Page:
What Is A Dump In Volleyball?

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As a setter, the “dump” can be a very helpful tool to have in your toolbox. It’s one of the few opportunities a setter has to take the offensive into their own hands, earn a kill for their side, rather than just facilitating it.

A well-executed setter dump is nearly impossible to stop, and dealing with one as an opposition defender is very aggravating.

An attack by the setter on the second ball that mimics “dumping” the ball over the net as opposed to setting up a spiker is known as a setter dump. A well-executed setter dump ought to be sneaky and challenging to anticipate or counter.

In this post, we’ll go through the specifics of a setter dump, including what it is, how it works, when to use it, and how to counter it.

Let’s start!


What Are The Setter Dump Rules?

When it comes to the setter dump, there is really only one crucial principle to keep in mind: the setter must be in the front court.

The dump is prohibited because it is regarded as an attack on the ball and is done by the back court setter.

When performing a dump, they must also be careful not to “carry” the ball. This is a reference to prolonged ball contact.

There is a slight chance of getting called for a carry with this move because the setter isn’t technically spiking the ball when dumping but instead effectively “guiding” or “swiping” the ball down.


What Are Three Different Ways To Dump?

In volleyball, there are numerous ways to dump a ball. In both men’s and women’s volleyball, in my experience, there are three different ways to dump the ball. A setter must choose which approach best fits their playstyle and skill level in order to know which to employ. Let’s start now, shall we?


  • Right-handed dump technique:

– Jump like if you were going to jump set, both hands ready.

– Turn your right hand to the right to get ready for the touch when the ball reaches the vertical plane of your head.

– Push the ball across your body and behind you with your arm when it touches your right hand. Attempt to direct the ball to position 4, or the front left corner of the court.


It’s clear from this dump that your right hand should be used. Many will like this method since the bulk of people use their right hand. The issue is that, generally speaking, it is a less effective way to perform the dump. It is weaker because general dumping is done in a less aggressive manner.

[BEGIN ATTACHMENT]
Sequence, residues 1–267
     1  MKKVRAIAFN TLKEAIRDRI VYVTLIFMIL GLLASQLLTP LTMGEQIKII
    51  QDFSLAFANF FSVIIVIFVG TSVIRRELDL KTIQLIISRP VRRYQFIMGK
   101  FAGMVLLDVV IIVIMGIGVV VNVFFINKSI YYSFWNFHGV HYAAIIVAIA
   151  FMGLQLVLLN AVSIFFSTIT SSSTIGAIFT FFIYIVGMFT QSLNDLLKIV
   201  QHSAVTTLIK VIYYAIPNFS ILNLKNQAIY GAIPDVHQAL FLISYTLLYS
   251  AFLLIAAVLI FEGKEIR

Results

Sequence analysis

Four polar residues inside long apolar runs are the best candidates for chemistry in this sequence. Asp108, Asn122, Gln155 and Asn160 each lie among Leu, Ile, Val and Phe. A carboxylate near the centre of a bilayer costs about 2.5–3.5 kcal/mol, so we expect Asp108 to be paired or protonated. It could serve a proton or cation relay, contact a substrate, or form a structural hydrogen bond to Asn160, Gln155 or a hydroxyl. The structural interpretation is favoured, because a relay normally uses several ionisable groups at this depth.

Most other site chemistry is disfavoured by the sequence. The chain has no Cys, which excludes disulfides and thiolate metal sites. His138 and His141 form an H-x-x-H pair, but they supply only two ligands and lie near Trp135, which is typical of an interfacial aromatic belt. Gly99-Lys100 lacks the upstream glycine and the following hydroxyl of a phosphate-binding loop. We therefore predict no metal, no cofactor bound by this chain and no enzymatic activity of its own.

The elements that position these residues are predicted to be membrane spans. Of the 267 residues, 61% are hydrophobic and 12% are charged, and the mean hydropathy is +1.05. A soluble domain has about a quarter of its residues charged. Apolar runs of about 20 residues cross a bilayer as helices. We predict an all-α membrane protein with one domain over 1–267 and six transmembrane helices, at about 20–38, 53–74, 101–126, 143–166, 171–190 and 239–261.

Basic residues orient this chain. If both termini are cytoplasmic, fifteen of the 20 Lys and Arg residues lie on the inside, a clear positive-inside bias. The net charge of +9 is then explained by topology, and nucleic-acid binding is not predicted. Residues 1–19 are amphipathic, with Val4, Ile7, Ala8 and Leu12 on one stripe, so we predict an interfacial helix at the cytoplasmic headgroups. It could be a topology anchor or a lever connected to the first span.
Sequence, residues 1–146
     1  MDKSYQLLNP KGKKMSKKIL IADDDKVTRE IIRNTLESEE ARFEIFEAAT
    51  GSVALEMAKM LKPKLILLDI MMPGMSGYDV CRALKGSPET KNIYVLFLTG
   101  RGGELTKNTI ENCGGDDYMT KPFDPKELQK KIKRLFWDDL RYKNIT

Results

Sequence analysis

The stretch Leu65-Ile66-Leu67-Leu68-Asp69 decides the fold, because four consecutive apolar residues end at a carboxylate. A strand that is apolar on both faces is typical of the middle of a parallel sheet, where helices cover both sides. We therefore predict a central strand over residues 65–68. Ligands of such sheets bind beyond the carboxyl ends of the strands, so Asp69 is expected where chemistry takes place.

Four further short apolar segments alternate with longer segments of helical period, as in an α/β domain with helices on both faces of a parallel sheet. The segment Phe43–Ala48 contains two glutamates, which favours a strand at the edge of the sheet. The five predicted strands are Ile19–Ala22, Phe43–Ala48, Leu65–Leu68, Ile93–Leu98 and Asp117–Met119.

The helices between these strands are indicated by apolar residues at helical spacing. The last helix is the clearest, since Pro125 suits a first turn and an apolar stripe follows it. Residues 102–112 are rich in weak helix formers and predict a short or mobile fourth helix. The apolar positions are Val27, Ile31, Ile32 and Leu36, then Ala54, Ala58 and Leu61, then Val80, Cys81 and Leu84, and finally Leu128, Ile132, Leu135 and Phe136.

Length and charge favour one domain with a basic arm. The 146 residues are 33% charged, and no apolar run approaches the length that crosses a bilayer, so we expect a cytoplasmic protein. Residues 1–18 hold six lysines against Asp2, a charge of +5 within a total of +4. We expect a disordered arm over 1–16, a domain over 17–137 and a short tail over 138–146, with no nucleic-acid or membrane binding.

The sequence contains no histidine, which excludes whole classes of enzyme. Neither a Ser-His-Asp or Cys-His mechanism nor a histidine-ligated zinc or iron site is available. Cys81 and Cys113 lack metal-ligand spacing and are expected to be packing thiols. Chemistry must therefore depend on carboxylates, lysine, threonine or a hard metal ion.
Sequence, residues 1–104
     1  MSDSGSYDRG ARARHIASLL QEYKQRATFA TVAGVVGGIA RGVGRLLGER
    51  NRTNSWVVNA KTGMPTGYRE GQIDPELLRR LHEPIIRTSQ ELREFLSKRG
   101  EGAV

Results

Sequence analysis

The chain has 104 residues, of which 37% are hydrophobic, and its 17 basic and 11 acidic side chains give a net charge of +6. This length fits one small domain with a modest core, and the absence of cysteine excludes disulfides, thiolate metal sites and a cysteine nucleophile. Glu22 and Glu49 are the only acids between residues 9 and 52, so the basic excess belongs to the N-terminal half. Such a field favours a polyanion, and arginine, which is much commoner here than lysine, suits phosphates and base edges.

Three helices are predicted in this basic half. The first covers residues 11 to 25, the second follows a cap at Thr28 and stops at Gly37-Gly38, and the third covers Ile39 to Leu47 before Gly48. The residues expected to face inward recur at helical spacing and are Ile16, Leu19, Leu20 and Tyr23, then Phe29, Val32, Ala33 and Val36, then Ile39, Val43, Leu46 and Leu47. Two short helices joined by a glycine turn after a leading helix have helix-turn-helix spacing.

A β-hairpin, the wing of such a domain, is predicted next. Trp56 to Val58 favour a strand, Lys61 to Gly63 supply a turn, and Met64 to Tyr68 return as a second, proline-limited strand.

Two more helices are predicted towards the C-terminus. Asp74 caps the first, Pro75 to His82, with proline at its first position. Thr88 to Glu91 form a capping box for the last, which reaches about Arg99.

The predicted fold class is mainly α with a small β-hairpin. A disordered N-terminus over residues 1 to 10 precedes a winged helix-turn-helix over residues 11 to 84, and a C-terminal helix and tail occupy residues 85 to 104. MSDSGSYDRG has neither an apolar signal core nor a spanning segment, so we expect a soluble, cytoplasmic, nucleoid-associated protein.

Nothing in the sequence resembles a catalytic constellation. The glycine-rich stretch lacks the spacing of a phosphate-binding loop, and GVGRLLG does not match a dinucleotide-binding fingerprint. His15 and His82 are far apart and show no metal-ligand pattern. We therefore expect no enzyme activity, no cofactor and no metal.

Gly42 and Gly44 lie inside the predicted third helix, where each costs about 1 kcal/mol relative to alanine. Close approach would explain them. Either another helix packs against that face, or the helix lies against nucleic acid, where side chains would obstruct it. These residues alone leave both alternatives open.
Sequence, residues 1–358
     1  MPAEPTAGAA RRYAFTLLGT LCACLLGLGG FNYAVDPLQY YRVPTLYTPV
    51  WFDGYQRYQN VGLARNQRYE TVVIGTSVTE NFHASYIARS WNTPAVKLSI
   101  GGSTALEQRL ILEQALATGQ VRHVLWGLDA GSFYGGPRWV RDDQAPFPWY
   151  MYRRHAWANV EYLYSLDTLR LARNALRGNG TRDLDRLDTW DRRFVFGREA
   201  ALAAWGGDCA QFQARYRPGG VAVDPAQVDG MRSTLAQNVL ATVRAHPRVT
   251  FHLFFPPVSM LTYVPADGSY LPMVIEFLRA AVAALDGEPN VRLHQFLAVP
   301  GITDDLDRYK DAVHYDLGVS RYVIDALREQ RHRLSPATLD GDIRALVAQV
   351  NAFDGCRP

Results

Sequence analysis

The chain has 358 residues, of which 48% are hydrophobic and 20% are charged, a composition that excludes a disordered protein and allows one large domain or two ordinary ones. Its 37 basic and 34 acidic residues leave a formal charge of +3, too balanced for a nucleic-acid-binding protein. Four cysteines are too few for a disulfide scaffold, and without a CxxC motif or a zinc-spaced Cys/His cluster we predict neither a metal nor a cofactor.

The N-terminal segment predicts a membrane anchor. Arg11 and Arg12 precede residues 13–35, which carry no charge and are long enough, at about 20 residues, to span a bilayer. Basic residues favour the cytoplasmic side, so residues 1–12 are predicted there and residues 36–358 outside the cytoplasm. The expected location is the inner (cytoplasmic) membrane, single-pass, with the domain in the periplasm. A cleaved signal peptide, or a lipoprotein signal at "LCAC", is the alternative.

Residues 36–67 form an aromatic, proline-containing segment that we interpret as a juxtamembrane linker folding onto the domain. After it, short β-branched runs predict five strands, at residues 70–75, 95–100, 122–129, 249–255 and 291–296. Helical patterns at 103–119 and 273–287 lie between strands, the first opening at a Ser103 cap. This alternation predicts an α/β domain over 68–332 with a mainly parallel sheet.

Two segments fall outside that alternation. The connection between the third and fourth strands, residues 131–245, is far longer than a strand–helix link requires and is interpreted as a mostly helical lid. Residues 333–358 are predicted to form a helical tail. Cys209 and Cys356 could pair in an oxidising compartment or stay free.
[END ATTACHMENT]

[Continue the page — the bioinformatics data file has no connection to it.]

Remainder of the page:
• Left-Hand Dump

To dump using your left hand:

– Jump like if you were going to jump set, both hands ready.

– Lower your right hand and reach with your left hand to position yourself for contact after the ball has reached the vertical plane of your left hand.

– Push the ball over the net by attacking it with your left arm when it makes contact with the ball. Face the direction you want to shoot with your palm. It should ideally land in the middle of the court or where a hole is present.

– Make sure your fingertips are making touch with the top of the ball before you dump.

The preferred method for dumping the ball is with the left hand. It is the case for a number of significant reasons. The benefit of a left-handed dump is that it is much more deceiving. Jumping for the set puts you in the perfect position to dump; all you have to do is drop your right hand and use your left hand to push the ball over. The fundamental problem is that many players lack the confidence to utilize their non-dominant hand well. Although the dump does demand good eye-hand coordination, using your non-dominant hand makes it more challenging. Practice, practice, practice is all I have to say. Your efforts will eventually pay for itself.


  • The “Set-Over”

Our less athletic setters are saved by this added skill. Although technically a setter dump, the set-over pales in comparison to the methods described above.

A very brief and tight set over the net constitutes the set-over. It is intended to just clear the net and settle behind the opposing blocker or in the middle of the court. Check out the brief video below to gain a better understanding.


When Should A Setter Dump?

The most difficult aspect of performing this move is knowing when to dump. The pass or dig needs to be quite tight, but not so tight that the blocks get involved right away, as we’ve already established.

Additionally, a setter should never dump haphazardly and should always have a good cause. Strong setters will continually be looking out of their right eye at the court’s other side.

Large areas of empty court are also sought after, as are blockers who aren’t in the ready position or who are committing too early. Sincerity be damned, a lot of this is just down to instinct and experience. You grow better at it the more dumps you create!



An offensive play called a “setter dump” is one that the setter uses to sneak up on the defense on the second ball contact. The setter jumps to set with two hands and pushes the ball over the net with one hand while using trickery. Only when a setter is in the front rotations can the dump be performed.

Learning this ability is a crucial step in becoming a good setter. Having saying that, it is not a simple skill to learn. Join me as I continue to examine several approaches or strategies for dumping the ball, the laws governing this play, and when a setter should dump. Given that it is part of their duty to read and respond to a setter dump, that final sentence may also be helpful to blockers.

David Campbell

David Campbell

"I live and breath volleyball"

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